Scientists in Georgia are studying the habits of manatees. They’re catching, then tagging them with GPS transmitters, so they can track where they go.
The big, slow marine mammals come from Florida up to the Georgia coast during warm months. They can actually migrate as far north as Rhode Island, said Monica Ross, a research scientist with the nonprofit Sea to Shore Alliance.
Her group is working with the Georgia Department of Natural Resources (DNR) and the Georgia Aquarium to tag and track the manatees. They're hoping to learn how many manatees are in Georgia, and where they travel along the coast.
“Georgia specifically has a lot of tidal flats which have really nice marsh grass during high tide that manatees will feed on,” she said.
They’re focusing on manatees near Cumberland Island and the Kings Bay Naval Submarine Base. The Navy and federal and state agencies are supporting the research.
According to the DNR, more than a quarter of manatees deaths in Georgia are caused by collisions with boats.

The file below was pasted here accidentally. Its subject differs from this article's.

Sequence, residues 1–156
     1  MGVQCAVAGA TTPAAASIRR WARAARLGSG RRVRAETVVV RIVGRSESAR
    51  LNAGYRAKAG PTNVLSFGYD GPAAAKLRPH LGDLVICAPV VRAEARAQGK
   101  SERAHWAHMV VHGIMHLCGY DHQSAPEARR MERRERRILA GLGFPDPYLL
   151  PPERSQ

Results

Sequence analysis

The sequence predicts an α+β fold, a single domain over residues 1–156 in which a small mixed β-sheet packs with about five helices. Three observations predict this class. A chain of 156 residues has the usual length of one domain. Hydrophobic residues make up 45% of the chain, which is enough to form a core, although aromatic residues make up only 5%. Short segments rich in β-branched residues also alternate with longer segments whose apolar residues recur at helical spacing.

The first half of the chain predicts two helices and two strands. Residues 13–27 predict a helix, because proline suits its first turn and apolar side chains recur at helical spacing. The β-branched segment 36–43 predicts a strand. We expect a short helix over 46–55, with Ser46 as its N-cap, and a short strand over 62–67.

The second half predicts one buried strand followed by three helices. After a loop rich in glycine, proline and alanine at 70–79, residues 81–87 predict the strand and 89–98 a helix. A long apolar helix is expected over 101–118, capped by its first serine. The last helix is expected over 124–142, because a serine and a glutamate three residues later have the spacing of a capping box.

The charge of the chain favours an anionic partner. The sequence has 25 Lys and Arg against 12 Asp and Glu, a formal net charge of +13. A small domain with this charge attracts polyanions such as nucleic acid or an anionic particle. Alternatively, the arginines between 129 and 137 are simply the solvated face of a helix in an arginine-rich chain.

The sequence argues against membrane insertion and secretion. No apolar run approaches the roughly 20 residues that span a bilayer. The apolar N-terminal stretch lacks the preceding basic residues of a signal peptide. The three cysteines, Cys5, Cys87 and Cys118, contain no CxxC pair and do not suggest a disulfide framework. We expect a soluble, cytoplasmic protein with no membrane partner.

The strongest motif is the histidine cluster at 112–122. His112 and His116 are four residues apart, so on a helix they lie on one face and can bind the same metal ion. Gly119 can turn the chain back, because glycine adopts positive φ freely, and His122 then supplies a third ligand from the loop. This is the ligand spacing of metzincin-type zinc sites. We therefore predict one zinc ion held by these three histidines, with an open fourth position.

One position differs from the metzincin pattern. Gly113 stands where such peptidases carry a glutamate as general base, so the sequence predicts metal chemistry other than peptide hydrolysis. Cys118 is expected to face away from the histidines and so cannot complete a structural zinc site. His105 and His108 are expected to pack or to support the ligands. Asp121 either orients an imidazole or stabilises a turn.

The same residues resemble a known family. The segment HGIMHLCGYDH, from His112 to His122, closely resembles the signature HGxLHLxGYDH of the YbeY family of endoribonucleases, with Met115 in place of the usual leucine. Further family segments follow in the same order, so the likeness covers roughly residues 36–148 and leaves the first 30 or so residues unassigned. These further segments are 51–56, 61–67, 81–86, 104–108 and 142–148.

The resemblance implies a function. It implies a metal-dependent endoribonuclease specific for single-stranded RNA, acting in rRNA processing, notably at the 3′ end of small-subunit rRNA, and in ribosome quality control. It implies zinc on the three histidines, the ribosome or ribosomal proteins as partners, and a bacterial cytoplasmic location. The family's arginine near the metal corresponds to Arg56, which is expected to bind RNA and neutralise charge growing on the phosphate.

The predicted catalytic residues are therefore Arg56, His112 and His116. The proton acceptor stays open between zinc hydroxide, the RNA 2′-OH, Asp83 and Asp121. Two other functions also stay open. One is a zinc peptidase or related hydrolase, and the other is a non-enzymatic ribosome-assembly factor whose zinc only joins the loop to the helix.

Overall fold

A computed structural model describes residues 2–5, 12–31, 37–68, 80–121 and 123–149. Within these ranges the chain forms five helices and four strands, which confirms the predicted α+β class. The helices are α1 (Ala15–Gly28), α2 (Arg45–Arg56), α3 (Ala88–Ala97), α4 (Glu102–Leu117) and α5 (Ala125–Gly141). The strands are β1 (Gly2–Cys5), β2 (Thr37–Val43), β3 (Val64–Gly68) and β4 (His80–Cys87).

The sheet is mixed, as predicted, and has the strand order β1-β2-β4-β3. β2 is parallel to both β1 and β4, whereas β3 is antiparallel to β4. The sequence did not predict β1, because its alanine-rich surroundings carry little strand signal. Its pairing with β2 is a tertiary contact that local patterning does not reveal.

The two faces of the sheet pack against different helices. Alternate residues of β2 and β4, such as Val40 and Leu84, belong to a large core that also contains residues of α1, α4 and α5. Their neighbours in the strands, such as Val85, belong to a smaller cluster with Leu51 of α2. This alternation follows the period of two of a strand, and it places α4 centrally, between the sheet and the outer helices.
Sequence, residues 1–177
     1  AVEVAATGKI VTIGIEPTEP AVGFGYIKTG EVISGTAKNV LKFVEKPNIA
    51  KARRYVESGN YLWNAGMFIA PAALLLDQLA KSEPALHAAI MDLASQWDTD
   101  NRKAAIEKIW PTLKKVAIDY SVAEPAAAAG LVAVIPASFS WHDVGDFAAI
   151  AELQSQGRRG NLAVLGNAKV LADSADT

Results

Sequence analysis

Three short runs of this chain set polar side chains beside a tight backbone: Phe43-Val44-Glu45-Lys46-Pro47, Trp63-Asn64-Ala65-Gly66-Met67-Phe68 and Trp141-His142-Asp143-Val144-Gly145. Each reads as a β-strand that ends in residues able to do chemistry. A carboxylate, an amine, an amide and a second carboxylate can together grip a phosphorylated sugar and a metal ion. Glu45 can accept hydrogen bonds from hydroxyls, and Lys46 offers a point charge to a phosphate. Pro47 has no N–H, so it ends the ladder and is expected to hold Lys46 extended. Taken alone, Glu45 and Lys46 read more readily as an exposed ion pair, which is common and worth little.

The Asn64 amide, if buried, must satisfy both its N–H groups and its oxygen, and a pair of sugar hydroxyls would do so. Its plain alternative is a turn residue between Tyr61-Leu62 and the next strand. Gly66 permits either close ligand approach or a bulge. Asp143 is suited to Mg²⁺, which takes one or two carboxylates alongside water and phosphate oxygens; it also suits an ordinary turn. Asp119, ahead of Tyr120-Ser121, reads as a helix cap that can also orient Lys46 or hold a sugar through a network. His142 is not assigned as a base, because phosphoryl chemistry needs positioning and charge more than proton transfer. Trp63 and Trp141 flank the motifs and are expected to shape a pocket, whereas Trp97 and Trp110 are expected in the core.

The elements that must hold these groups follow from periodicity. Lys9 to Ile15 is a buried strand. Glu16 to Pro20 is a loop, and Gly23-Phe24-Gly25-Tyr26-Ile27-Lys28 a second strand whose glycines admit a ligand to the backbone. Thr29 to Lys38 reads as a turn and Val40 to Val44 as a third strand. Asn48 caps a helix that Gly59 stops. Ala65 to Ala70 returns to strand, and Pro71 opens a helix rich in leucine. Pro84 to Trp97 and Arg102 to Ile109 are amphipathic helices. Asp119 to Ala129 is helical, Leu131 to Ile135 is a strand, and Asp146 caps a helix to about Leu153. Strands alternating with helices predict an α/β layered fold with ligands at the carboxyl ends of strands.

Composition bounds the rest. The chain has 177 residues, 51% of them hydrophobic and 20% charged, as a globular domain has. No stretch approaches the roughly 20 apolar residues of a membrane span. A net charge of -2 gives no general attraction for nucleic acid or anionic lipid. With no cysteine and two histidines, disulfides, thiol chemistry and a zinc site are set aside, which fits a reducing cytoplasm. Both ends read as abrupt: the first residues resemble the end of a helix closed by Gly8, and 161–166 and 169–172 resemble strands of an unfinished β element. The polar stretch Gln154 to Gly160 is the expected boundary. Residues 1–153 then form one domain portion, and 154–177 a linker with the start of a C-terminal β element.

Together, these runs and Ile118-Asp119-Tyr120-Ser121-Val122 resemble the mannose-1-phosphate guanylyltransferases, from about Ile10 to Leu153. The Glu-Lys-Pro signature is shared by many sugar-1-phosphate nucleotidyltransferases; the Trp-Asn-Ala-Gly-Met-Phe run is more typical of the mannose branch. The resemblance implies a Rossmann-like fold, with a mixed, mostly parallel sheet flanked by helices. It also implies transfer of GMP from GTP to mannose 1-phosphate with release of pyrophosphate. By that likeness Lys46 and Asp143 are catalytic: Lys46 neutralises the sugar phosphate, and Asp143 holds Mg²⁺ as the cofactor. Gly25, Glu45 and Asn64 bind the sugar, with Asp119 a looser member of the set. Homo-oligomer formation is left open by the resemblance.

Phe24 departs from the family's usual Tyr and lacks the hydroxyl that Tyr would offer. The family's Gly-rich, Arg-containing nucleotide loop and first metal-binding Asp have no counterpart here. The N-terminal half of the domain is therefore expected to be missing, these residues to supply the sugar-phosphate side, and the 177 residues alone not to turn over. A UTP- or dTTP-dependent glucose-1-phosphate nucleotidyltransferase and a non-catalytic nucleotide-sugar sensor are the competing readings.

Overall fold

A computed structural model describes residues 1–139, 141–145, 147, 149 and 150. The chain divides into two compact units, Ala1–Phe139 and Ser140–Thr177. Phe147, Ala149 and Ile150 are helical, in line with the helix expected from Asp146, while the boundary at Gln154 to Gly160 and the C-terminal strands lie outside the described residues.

That’s partially because they’re curious animals, said Ross, and they’ll get too close to boats.
They are also docile, she said. Even though they can weigh more than 1,000 pounds, once the scientists – it can take a dozen or more – have gotten them on to land for tagging, they are usually calm.
“I call them the possum of the marine mammal world,” she said.
This is the second year the scientists have caught and tagged manatees near Cumberland Island. The GPS tags are meant to stay on the animals for about a year. So far, seven manatees have tags.